As we get closer to Election Day, both candidates are in their final push to ensure they’re reaching the key voters that will help them win the election. Like past elections, voters in swing states are a critical group for candidates. With radio reaching 93% of people, it remains a crucial way to connect with voters. In a new report, Nielsen looks at voter listening preferences in three key swing states: Florida, North Carolina and Pennsylvania, where, according to the report radio can reach 16 million voters.
Florida’s culturally diverse population is just one of the reasons why it’s a crucial state in the presidential election. According to Nielsen, a difficulty for candidates is the ability to present a relatable message across the state’s biggest cities and metro areas. One of the ways for a candidate to get around this issue is by using radio. Currently, radio reaches “nine of out 10 Florida voters on an average week.” For example, Adult Contemporary is the top radio format for Democratic voters in Orlando and Republicans in Jacksonville.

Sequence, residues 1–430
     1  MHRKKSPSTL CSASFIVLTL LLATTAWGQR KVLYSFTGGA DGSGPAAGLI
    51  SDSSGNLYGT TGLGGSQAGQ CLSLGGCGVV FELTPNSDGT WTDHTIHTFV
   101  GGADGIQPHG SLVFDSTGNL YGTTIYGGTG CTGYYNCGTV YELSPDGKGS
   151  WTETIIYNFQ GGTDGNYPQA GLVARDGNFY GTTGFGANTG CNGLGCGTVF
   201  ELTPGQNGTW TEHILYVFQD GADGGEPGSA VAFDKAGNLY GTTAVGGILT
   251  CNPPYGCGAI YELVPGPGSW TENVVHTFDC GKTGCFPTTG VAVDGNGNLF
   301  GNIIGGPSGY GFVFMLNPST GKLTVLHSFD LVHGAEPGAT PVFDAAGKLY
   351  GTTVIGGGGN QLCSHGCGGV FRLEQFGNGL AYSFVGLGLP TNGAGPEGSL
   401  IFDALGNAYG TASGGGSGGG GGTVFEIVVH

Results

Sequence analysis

Typically a red state, North Carolina’s changing demographics and population breakdown are affecting election results. In the 2008 presidential election for example, the state voted Democrat. Since the state voted Republican four years later, many consider it a swing state. The state’s major metro areas are key places for candidates to connect with voters. Specifically in Charlotte, “Urban and Pop formats reach the majority of the city’s young Democrat voters, whereas Adult Contemporary and Adult Hits formats reach older Democrats.” Interestingly, in Charlotte radio reaches a greater percentage of Republican voters, compared to Democrats and Independents. Overall, the state’s most diverse voters are in the Greensboro-Winston-Salem area.
In the last six presidential elections, Pennsylvania has voted for the Democrat candidate. Recently, however, Republicans are starting to make a push to reach more voters. That said, effectively reaching voters in Philadelphia and Pittsburgh is key for each candidate, where radio reaches over 90% of Democrats, Republicans and Independents. In Philadelphia, for example, a single radio station “has the ability to reach over half of a single voter segment group.”
With this year’s election coming to a close, it’s clear that while voter preferences fluctuate, radio is still one of the most effective ways to reach key voters.